How Hunger is Weaponized and Samaritans are Criminalized

supporting homeless people hunger

In this article, Jocelyn looks at the impact of criminalizing homelessness, emphasizing personal experiences and highlighting instances where feeding homeless people is met with fines and legal consequences. She explores how such actions further marginalize and endanger homeless individuals, urging readers to challenge unjust laws and approach the issue with compassion to foster positive change.

When Helping Becomes a Crime: The Fight Against Anti-Homeless Laws

If you’ve ever wondered where your next meal will come from, you’d understand the relief of a hot meal.

When I was finally housed again, one of the first things I did was fill up my cupboards with bags of dried beans, dried milk, rice, oats, and pasta. I remember my first big trip to the grocery store and how carrying all those grocery bags onto my kitchen table felt. It looked like salvation. I felt safe knowing I wouldn’t worry or think about food. I knew it was accessible in my kitchen when I got hungry.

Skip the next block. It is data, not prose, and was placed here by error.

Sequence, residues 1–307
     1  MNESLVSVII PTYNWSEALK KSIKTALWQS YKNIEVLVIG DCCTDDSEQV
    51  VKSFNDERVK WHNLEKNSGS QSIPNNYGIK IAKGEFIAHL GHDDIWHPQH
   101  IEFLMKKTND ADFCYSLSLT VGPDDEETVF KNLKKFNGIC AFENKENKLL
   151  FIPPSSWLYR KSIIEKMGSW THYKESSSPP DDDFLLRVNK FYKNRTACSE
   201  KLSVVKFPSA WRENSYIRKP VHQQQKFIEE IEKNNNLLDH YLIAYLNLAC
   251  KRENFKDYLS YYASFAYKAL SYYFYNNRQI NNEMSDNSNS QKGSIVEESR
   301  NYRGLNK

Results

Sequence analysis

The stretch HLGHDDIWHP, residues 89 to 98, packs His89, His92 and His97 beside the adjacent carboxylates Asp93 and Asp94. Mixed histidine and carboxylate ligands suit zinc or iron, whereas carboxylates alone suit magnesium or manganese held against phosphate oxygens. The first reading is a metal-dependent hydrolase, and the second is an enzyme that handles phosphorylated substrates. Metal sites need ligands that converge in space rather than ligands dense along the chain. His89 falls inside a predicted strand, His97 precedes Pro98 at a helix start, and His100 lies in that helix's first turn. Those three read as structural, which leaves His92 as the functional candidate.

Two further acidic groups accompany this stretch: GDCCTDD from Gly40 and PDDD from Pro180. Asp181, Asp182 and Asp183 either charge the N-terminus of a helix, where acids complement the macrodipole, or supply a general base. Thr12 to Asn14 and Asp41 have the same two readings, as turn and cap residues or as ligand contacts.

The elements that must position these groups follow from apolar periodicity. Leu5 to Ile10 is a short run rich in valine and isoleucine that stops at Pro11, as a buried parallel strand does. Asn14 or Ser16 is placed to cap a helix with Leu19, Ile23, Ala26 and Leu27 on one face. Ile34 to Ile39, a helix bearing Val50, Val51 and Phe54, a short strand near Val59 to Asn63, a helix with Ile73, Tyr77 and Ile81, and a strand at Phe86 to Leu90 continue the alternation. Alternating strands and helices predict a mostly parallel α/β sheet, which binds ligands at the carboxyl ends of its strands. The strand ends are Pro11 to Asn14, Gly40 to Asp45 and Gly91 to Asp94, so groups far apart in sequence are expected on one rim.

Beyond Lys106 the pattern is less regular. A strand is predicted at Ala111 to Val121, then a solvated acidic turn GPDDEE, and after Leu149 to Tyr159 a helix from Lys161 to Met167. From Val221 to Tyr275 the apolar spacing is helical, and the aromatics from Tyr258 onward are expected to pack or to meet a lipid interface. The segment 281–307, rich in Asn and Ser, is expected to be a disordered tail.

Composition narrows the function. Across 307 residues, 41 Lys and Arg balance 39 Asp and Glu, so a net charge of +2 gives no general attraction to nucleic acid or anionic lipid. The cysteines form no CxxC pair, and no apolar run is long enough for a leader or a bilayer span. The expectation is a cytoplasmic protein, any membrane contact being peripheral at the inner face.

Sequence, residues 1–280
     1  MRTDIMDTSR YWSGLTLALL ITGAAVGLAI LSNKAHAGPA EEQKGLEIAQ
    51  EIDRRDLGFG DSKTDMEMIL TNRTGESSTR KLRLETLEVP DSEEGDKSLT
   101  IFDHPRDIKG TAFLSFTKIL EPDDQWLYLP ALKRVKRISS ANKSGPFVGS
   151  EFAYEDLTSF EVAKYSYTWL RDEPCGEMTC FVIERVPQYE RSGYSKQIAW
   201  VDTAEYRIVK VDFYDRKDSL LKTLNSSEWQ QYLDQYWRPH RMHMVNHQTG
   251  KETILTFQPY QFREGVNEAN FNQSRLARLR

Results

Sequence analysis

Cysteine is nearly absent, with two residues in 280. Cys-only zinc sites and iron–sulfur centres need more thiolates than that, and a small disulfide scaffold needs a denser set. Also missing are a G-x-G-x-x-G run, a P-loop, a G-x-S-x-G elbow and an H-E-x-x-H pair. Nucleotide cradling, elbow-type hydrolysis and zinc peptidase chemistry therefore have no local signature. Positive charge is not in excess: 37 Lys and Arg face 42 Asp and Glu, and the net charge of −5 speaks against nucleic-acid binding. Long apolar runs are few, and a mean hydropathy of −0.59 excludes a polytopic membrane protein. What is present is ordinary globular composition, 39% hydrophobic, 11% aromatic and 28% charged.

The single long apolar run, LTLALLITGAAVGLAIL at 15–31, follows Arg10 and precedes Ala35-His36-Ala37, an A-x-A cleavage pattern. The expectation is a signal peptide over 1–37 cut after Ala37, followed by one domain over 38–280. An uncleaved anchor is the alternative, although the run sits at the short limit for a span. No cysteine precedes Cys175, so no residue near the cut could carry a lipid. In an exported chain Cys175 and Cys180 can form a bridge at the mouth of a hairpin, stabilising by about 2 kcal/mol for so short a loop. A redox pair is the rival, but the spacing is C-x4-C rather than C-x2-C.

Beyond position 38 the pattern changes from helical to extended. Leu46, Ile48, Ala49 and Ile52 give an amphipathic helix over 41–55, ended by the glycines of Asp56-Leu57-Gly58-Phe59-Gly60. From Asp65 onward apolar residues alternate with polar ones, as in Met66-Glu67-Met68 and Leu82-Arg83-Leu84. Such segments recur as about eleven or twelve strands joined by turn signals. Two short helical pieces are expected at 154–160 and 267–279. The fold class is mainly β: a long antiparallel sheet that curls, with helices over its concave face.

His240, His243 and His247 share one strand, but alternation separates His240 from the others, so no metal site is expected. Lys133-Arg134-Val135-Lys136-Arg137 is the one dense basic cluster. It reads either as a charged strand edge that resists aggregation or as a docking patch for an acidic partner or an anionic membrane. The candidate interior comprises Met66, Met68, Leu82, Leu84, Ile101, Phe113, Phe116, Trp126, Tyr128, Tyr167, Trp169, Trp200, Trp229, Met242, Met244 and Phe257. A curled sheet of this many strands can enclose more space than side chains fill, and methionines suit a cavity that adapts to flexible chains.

When I entered the shelter processing center in Queens, NY, the staff warned me that many residents in the neighborhood did not want us there. They suggested I come in and out of the shelter quickly, and it was best if I was not identified as homeless.

I also couldn’t imagine sitting inside a shelter all day, alone, with nothing to do. There was no Wi-Fi, after all. So, I was often out and about – mostly at the local Starbucks with my laptop. 

One evening, on my way back to the shelter, I saw hot meals being served on the sidewalk down the street. The line was long, but it smelled amazing. They had large pans of biryani, one of my favorite rice dishes. It was so fragrant, my nose led me to the back of the line.

Apparently, this area of Queens was once quite an affluent neighborhood. But with the available services and transportation, it had become a hub for addressing the many issues that homeless people face.

Many homeless people, families, and youth were being processed in a facility on the block. Catholic Charities was just around the corner, providing a soup kitchen, free medical and mental health care, and even various classes, and it was only a few blocks from the A train.